A new study from the Harvard School of Public Health finds that eating red meat, whether bacon or hamburger, boosts one's risk of dying young. Is the answer simply moderation?
We've known for years that eating red meat is bad for us, but now there's staggering evidence to support the claim. On Monday, the Archives of Internal Medicine published the first large-scale, long-term study showing that consumption of processed and unprocessed red meat can shorten one's life, including by heart disease and cancer.
Harvard researchers analyzed more than 121,000 men and women who filled out surveys about their health and diet from 1980 to 2006. During that time, nearly 24,000 of the participants died: 5,910 from cardiovascular disease and 9,464 from cancer.
Of course, researchers (and beef proponents) are quick to say there isn't proof that meat causes premature death. This was an observational study, so no cause-and-effect relationship can be identified, which the Beef Checkoff program that funds the Beef Council was quick to point out.
But even after controlling for variables such as age, smoking status and heredity, researchers still found that one serving a day of red meat led to a higher likelihood of mortality:
Processed red meat—such as bacon or bologna—was pegged to increase one's risk of premature mortality by 20 percent. Researchers said sodium and nitrites in processed meat could explain the high percentage.
- Unprocessed red meat—such as beef, pork or lamb—led to a 12 percent greater risk.
The great meat debate
At Expo West 2012, So Delicious Dairy Free screened Vegucated, a documentary that follows three omnivores on their journey to veganism for six weeks. Director Marisa Miller Wolfson was on hand to talk to the vegan (that includes me) and non-vegan crowd, some of whom were skeptical about veganism.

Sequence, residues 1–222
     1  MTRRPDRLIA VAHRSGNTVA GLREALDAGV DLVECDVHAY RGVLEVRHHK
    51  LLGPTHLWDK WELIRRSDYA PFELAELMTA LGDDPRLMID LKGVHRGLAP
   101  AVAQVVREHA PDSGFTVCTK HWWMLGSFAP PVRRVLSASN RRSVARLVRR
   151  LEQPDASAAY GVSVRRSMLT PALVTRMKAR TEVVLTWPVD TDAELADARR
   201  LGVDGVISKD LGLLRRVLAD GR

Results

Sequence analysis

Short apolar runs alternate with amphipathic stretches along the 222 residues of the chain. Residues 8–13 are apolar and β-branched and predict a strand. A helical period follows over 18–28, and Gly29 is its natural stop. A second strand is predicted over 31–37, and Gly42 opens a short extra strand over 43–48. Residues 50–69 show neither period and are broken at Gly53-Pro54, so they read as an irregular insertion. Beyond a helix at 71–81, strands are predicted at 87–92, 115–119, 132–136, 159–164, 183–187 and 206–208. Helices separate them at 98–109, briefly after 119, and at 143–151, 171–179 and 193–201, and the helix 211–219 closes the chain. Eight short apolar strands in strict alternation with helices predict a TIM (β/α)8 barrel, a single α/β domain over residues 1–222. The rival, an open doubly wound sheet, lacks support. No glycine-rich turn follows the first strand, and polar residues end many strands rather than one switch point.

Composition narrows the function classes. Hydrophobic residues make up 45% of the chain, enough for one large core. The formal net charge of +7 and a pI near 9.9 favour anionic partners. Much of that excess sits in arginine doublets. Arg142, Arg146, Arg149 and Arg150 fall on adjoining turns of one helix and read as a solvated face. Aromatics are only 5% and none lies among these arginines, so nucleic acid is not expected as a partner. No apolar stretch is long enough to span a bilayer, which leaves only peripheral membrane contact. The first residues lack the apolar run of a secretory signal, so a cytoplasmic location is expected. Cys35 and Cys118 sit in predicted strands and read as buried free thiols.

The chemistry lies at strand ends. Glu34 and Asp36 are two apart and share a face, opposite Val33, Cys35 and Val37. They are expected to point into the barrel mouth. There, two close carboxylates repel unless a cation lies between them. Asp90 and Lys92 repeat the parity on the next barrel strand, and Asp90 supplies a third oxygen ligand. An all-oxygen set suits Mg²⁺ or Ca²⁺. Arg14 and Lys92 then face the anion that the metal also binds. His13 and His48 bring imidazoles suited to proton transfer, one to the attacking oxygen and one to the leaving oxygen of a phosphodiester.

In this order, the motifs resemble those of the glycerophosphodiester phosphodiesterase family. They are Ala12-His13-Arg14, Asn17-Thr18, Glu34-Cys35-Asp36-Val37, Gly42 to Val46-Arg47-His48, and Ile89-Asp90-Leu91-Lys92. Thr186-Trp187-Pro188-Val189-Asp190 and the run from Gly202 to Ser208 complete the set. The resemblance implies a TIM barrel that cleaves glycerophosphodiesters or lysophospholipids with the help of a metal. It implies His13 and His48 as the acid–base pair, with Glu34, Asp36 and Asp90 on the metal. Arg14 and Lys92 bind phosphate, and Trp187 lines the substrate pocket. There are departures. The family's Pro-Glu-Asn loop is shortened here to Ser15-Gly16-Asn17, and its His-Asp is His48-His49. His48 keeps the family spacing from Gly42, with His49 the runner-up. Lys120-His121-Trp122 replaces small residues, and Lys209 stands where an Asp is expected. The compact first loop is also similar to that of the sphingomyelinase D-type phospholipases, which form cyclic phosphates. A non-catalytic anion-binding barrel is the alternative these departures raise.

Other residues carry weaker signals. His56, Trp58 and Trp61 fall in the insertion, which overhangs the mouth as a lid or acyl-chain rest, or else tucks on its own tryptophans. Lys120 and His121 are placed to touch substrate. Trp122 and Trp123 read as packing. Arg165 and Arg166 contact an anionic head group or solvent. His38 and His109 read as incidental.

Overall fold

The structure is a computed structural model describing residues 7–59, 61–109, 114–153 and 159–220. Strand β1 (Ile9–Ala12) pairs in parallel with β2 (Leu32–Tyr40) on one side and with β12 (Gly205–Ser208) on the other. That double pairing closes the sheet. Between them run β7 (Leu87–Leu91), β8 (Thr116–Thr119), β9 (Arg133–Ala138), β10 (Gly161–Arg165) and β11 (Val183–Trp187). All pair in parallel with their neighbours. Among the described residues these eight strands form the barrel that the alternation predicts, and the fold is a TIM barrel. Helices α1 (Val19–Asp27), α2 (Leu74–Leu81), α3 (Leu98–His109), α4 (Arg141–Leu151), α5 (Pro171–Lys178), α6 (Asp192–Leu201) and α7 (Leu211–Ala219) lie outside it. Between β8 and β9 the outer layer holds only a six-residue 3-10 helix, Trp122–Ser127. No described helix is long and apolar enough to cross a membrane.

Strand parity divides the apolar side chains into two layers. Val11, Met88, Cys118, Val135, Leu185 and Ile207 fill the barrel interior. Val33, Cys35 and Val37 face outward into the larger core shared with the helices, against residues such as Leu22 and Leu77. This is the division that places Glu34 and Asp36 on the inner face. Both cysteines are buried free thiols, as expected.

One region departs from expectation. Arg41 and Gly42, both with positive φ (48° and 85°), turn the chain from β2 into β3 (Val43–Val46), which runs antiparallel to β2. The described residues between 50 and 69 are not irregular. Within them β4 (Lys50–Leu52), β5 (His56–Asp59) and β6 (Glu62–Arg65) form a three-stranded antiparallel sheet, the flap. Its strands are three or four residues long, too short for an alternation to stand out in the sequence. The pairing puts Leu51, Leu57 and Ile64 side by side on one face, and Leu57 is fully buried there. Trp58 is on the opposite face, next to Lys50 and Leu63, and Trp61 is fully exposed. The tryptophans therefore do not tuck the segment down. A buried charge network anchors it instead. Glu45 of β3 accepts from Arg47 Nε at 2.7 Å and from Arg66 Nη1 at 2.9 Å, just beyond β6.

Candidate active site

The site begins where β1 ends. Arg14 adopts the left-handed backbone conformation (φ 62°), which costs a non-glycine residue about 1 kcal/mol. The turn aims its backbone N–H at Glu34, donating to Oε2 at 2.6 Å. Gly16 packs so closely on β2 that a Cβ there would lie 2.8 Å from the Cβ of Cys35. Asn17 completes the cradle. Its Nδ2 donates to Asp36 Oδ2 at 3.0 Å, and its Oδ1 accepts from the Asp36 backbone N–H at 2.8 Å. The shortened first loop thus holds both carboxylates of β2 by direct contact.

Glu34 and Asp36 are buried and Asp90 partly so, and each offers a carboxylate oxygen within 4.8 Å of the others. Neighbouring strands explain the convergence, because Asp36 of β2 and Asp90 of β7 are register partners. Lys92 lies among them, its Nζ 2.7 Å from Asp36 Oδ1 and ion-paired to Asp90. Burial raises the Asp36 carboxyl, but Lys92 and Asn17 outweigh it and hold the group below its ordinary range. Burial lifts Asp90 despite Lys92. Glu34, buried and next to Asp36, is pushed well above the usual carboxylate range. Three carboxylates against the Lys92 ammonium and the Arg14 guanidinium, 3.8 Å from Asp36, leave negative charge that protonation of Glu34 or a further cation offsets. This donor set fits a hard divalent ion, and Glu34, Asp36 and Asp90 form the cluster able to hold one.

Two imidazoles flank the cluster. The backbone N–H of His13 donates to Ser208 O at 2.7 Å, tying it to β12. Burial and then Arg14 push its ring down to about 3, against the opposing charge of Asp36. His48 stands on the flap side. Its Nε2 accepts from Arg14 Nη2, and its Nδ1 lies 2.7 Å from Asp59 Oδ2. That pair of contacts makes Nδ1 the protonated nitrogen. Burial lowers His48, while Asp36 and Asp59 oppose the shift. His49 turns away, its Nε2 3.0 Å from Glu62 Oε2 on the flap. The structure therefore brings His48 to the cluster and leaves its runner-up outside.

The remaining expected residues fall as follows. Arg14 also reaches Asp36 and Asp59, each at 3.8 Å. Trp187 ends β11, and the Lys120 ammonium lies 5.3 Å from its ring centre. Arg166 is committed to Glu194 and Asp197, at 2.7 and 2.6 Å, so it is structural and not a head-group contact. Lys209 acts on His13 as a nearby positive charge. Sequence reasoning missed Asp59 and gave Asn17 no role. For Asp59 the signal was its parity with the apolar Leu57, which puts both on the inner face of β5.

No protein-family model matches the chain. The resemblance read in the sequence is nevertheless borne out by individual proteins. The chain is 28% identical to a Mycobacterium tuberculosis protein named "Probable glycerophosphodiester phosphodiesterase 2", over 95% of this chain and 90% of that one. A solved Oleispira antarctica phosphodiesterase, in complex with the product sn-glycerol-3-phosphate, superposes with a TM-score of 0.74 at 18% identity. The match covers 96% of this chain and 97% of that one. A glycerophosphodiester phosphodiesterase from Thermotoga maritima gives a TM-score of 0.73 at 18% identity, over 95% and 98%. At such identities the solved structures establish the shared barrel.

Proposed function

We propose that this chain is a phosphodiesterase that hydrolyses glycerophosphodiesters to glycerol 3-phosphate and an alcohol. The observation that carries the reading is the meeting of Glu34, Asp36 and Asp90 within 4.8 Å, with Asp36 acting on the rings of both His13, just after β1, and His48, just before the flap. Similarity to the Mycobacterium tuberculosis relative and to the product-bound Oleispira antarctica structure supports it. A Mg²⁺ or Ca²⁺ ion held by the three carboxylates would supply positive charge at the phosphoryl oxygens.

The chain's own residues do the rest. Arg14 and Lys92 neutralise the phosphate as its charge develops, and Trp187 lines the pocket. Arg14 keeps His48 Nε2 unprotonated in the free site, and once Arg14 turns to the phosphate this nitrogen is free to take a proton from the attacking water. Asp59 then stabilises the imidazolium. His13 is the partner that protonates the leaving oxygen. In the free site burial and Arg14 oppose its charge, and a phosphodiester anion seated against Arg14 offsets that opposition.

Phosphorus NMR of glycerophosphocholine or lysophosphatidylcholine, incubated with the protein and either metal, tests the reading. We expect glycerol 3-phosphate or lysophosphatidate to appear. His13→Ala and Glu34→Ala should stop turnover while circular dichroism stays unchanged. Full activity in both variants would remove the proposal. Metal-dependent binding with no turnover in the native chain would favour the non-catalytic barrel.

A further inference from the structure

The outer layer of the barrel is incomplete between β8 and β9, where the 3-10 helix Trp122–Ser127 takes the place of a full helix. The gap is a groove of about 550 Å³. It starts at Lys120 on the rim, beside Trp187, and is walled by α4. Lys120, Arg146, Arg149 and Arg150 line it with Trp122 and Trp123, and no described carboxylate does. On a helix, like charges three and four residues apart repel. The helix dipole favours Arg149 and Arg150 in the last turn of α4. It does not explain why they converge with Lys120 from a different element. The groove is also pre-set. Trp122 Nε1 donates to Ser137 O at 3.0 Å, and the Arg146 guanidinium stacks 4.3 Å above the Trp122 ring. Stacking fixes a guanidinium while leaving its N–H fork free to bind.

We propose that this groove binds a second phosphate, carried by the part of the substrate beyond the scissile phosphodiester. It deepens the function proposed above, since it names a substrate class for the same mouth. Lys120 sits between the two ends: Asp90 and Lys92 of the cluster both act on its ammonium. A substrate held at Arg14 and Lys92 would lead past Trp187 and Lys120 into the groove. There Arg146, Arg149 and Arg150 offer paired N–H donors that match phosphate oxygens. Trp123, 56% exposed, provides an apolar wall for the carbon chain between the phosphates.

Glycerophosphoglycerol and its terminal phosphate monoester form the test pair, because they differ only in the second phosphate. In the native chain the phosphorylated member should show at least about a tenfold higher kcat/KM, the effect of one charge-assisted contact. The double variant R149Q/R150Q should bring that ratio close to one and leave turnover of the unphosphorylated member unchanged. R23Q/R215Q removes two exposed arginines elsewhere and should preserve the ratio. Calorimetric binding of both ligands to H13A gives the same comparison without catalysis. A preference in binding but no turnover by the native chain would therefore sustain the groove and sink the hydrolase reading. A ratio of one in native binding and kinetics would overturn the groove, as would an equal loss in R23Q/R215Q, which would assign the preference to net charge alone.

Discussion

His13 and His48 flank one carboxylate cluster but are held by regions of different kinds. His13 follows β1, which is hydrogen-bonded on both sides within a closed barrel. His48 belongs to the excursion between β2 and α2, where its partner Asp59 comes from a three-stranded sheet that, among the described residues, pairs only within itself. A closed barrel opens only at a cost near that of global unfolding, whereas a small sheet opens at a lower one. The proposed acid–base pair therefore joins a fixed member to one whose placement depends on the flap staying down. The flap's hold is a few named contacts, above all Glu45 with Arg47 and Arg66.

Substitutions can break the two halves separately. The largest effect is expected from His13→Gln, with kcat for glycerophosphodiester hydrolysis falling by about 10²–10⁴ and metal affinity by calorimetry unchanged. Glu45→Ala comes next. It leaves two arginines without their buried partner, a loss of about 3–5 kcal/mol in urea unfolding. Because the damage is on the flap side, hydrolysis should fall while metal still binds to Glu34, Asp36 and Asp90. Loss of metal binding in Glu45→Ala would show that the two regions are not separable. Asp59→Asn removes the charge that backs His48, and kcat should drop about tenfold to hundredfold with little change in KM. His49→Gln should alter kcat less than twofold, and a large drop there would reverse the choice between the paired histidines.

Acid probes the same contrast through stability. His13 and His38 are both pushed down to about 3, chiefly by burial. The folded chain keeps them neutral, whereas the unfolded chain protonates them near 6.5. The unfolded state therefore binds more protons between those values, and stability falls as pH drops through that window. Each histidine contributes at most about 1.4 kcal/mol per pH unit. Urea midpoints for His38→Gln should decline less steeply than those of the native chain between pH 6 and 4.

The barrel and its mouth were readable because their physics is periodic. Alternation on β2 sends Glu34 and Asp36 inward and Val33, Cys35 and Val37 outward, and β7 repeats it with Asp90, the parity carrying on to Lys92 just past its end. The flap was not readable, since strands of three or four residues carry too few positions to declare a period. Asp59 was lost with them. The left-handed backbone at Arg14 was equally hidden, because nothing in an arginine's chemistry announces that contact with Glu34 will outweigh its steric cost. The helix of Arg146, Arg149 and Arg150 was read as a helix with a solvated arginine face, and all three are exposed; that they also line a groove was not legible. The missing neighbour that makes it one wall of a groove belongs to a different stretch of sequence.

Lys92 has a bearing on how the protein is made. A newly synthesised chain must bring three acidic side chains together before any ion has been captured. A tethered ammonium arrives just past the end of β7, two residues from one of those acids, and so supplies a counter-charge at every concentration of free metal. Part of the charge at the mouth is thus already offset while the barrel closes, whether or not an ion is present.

The discussion in that room plays out daily in the world each day. But this scientific study shows that it’s not just vegans head butting with paleos anymore.
Now, people who don’t follow a specific diet/lifestyle are increasingly asking: "What in the world am I supposed to eat?" Agave was named a top 5 worst sweetener, and there wasn't any science behind it. Here, there's science. But will it motivate people to change their red meat-eating habits?
Or, is this simply another headline that will cause diehard meatitarians to roll their eyes and order their next pork chop?
Everything in moderation?
Experts say to substitute one red meat serving per day with fish, poultry, nuts, legumes and whole grains. Doing so, researchers estimate that 9 percent of deaths in men and nearly 8 percent in women could be prevented.
Think of what could be prevented if that one red meat serving per day didn’t exist at all. A 40-point drop in cholesterol, speaking from personal experience. Not to mention the environmental benefits of decreased meat production.
This is one area where I don’t believe “everything in moderation” applies. Experts (who I suspect have ties to meat production) say it’s healthier to cut back on eating meat, and to only consume lean, unprocessed versions. But you can also be healthy by not eating any red meat at all.
So here’s the question: After knowing what we know about the dangers of eating red meat, and knowing you can be healthy without eating it—why would you still want to?
I’m truly curious about this topic and would love to hear your opinion in the comments.